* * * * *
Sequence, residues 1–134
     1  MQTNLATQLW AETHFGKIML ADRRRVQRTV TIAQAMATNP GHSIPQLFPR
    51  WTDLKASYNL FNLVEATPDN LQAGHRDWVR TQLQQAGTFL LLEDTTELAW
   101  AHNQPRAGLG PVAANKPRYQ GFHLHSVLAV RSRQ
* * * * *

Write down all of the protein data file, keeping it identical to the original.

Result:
Sequence, residues 1–134
     1  MQTNLATQLW AETHFGKIML ADRRRVQRTV TIAQAMATNP GHSIPQLFPR
    51  WTDLKASYNL FNLVEATPDN LQAGHRDWVR TQLQQAGTFL LLEDTTELAW
   101  AHNQPRAGLG PVAANKPRYQ GFHLHSVLAV RSRQ